WELL-HEELED mountaineers are being told they should pay up to help fix the major erosion scars caused by their boots battering paths on Scotland’s mountains.

The organisations behind a new campaign to raise cash to get mountain paths fixed insist they want to maintain the long-held principle that access should remain free for all – but say those who can, should “give the hill a few quid”.

And the campaign has won the backing of Scotland’s top mountaineering broadcaster and writer, Cameron McNeish.

Munro baggers, winter climbers, and others are causing serious damage to fragile upland environments. Their walking, often on informal tracks, wears down and breaks through the vegetation in moorland and alpine areas.

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Once that happens, water can get in and erode the thin soils below. In some places, as people try to dodge mudbaths created by earlier boots, paths spread across several metres of hillside, leaving scars visible for miles. Paths can also become deep trenches, in wet weather channelling powerful streams of water to wash away more soil.

Interest has soared in recent decades in climbing or “bagging” all 282 Munros – Scottish mountains over 3000ft (914m). The number who have completed all the Munros has grown ten-fold, to 7000, in the past 30 years, and thousands more are following. Some of the most serious damage is happening on these hills.

Post-Covid, interest in hill-walking has intensified further.

Properly built paths can avoid this kind of damage and allow battered areas to recover, but they cost an average of £90 a metre to create and require ongoing maintenance.

On Thursday, the national representative organisation Mountaineering Scotland (MS) will launch a campaign with path-building charity the Outdoor Access Trust For Scotland (Oats) to raise awareness of the problem, and to persuade outdoor enthusiasts they should help pay to put it right.

The National:

The Oats chief executive, Dougie Baird, said: “Hill-walking is generally a … pursuit of folk who are reasonably moneyed, and [given] what people are prepared to pay for a jacket or a rucksack, I would imagine a keen hill-goer or mountaineer is probably wearing a couple of grand on his back, with a £30 grand car in the car park.

“What we’re really saying to them is there’s no public money, there’s no tax dollar going in to help manage [paths] so it’s really down to us and if we can afford it we should be prepared to give the hill a few quid.”

MS chief executive Stuart Younie (above left, with Baird) said: “I think we need to be careful that we’re not paying for access, that’s very, very important.

“What we’ll be asking for is people to make a contribution to help us restore some of the damage that we’re seeing here, that’s been done because of the cumulative impact of people in the hills – because if we don’t do it, no-one else is going to do it.”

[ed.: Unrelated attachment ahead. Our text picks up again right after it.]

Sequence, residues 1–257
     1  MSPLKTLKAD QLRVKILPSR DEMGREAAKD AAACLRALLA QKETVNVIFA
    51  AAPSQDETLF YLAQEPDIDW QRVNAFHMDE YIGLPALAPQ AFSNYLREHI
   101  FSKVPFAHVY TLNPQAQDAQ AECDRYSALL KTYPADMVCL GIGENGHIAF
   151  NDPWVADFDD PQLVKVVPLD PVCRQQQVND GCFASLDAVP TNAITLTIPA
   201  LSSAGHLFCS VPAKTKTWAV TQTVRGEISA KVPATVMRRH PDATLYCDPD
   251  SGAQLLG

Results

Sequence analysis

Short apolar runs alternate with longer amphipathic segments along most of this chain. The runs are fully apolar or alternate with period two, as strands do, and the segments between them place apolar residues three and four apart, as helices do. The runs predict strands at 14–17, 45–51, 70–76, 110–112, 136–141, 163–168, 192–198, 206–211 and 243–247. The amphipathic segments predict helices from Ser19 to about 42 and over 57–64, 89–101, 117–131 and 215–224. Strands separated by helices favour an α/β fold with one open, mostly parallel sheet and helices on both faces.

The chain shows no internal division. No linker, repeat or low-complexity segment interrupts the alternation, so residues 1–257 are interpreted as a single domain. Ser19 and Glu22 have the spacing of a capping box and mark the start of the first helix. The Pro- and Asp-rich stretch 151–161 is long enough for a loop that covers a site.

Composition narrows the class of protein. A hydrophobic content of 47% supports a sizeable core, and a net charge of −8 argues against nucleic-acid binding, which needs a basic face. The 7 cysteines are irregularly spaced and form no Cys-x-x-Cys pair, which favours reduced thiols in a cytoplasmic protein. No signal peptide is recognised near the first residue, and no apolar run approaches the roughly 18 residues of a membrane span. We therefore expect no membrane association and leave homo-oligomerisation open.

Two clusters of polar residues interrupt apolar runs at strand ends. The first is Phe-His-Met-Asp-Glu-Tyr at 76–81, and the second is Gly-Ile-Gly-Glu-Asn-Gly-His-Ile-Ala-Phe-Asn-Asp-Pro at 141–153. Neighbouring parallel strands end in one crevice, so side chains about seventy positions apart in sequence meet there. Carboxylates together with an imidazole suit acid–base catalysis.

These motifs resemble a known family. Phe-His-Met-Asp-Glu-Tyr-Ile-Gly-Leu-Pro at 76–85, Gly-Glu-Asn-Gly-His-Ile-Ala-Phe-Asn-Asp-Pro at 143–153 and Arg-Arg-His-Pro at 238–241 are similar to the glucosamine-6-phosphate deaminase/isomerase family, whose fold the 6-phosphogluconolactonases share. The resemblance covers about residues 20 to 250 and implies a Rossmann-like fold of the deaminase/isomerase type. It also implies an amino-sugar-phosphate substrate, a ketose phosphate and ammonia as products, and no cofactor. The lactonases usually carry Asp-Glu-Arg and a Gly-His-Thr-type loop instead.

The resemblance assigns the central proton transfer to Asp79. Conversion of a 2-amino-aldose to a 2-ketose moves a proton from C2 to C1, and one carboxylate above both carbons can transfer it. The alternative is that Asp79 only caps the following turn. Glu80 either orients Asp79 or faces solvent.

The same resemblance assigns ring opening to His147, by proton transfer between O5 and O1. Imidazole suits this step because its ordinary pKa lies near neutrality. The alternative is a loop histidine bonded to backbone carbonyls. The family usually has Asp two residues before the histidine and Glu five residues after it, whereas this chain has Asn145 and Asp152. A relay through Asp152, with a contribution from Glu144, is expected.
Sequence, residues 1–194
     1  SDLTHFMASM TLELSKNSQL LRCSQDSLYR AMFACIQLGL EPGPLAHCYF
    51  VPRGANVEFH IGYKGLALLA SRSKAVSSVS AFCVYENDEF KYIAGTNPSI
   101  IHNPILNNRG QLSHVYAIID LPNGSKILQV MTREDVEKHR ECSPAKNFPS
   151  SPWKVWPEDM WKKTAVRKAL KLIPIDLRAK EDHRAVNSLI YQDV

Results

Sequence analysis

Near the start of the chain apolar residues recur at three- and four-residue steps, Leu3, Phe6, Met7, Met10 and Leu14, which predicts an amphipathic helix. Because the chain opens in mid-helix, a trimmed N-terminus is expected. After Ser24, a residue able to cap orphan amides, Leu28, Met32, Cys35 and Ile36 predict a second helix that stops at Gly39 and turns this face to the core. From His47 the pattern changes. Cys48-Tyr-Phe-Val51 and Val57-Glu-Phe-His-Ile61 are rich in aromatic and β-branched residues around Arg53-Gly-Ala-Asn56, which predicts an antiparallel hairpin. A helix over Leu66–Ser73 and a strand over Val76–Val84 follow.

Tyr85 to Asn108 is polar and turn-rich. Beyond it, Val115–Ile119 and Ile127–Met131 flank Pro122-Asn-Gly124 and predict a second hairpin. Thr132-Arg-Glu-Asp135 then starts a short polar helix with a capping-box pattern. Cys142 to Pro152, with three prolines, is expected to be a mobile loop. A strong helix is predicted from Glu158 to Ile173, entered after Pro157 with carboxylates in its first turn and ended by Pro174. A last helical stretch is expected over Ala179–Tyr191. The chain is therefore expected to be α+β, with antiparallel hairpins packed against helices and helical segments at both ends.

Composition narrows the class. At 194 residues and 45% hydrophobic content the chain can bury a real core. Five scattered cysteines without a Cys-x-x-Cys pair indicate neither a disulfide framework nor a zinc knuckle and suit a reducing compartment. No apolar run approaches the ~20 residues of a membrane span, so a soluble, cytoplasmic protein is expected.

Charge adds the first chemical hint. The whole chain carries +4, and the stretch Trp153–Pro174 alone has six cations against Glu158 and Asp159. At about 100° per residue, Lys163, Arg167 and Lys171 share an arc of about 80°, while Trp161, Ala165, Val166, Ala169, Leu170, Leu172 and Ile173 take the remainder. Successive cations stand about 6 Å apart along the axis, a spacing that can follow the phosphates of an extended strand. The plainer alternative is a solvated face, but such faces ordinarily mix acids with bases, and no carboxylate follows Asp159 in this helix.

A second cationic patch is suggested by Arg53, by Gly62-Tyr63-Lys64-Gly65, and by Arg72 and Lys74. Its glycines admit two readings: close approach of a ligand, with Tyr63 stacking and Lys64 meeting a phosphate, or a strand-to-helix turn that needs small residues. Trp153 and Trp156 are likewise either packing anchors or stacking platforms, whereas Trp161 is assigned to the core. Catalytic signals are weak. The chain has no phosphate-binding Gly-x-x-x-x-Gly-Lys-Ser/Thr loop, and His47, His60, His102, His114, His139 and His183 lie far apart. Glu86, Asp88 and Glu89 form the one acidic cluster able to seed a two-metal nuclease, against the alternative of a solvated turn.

Oats has carried out £5.6m worth of path building and repair across Scotland’s two national parks, Loch Lomond and the Trossachs and the Cairngorms, in recent years. That was funded almost entirely by grants, including from Government agency and the National Lottery. Charities such as the National Trust for Scotland carry out extensive repair work on their estates.

But perhaps half the country’s busy mountain paths lie on private estates, where there are no partners for the charity to raise cash with, and owners often see no reason to fix access paths.

The organisations say there is no regular flow of money from either the Scottish or UK Governments for mountain paths on private ground, and problem has been worsened by the ending of EU funding for path building. 

Getting path users to help with these paths is now the target for the two organisations’ “It’s Up To Us” campaign.

The National:

It will initially focus on raising £200,000 over the next three years for repair work on paths up the dramatic double-Munro ridge of An Teallach, which towers above Loch Broom in the North-West Highlands (shown above).

The cash will be added to a £100,000 grant from the Scottish Mountaineering Trust for work on the privately owned mountain.

The campaign will push the need for investment in upland path repair, the contribution paths make to health and wellbeing, and the value of walking tourism to the Scottish economy. Walking tourism contributes an estimated £1.6 billion to Scotland’s economy.

It will also lobby Government, other organisations, businesses, and path users to develop a long-term sustainable funding model to boost investment in upland paths, especially those on privately owned land.

McNeish said “It’s Up to Us is such an important project for every person who loves walking on Scotland’s hills and mountains.

“The original tracks and trails on our hills were never built to sustain the numbers that use them now, so it’s up to all of us to pull together in every way we can and keep them well maintained.”